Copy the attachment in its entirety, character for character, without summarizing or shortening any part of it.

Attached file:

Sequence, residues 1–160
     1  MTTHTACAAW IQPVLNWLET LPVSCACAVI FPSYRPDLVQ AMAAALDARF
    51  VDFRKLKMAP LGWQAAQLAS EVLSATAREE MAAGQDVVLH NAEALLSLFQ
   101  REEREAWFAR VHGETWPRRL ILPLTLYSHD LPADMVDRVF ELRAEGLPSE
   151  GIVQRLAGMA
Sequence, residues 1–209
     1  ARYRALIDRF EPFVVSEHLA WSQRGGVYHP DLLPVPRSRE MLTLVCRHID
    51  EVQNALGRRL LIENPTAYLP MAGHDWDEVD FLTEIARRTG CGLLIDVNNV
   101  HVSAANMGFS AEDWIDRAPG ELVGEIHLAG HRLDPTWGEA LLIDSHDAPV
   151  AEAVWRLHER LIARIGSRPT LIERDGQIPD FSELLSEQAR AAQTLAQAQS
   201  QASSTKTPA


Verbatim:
Sequence, residues 1–160
     1  MTTHTACAAW IQPVLNWLET LPVSCACAVI FPSYRPDLVQ AMAAALDARF
    51  VDFRKLKMAP LGWQAAQLAS EVLSATAREE MAAGQDVVLH NAEALLSLFQ
   101  REEREAWFAR VHGETWPRRL ILPLTLYSHD LPADMVDRVF ELRAEGLPSE
   151  GIVQRLAGMA
Sequence, residues 1–209
     1  ARYRALIDRF EPFVVSEHLA WSQRGGVYHP DLLPVPRSRE MLTLVCRHID
    51  EVQNALGRRL LIENPTAYLP MAGHDWDEVD FLTEIARRTG CGLLIDVNNV
   101  HVSAANMGFS AEDWIDRAPG ELVGEIHLAG HRLDPTWGEA LLIDSHDAPV
   151  AEAVWRLHER LIARIGSRPT LIERDGQIPD FSELLSEQAR AAQTLAQAQS
   201  QASSTKTPA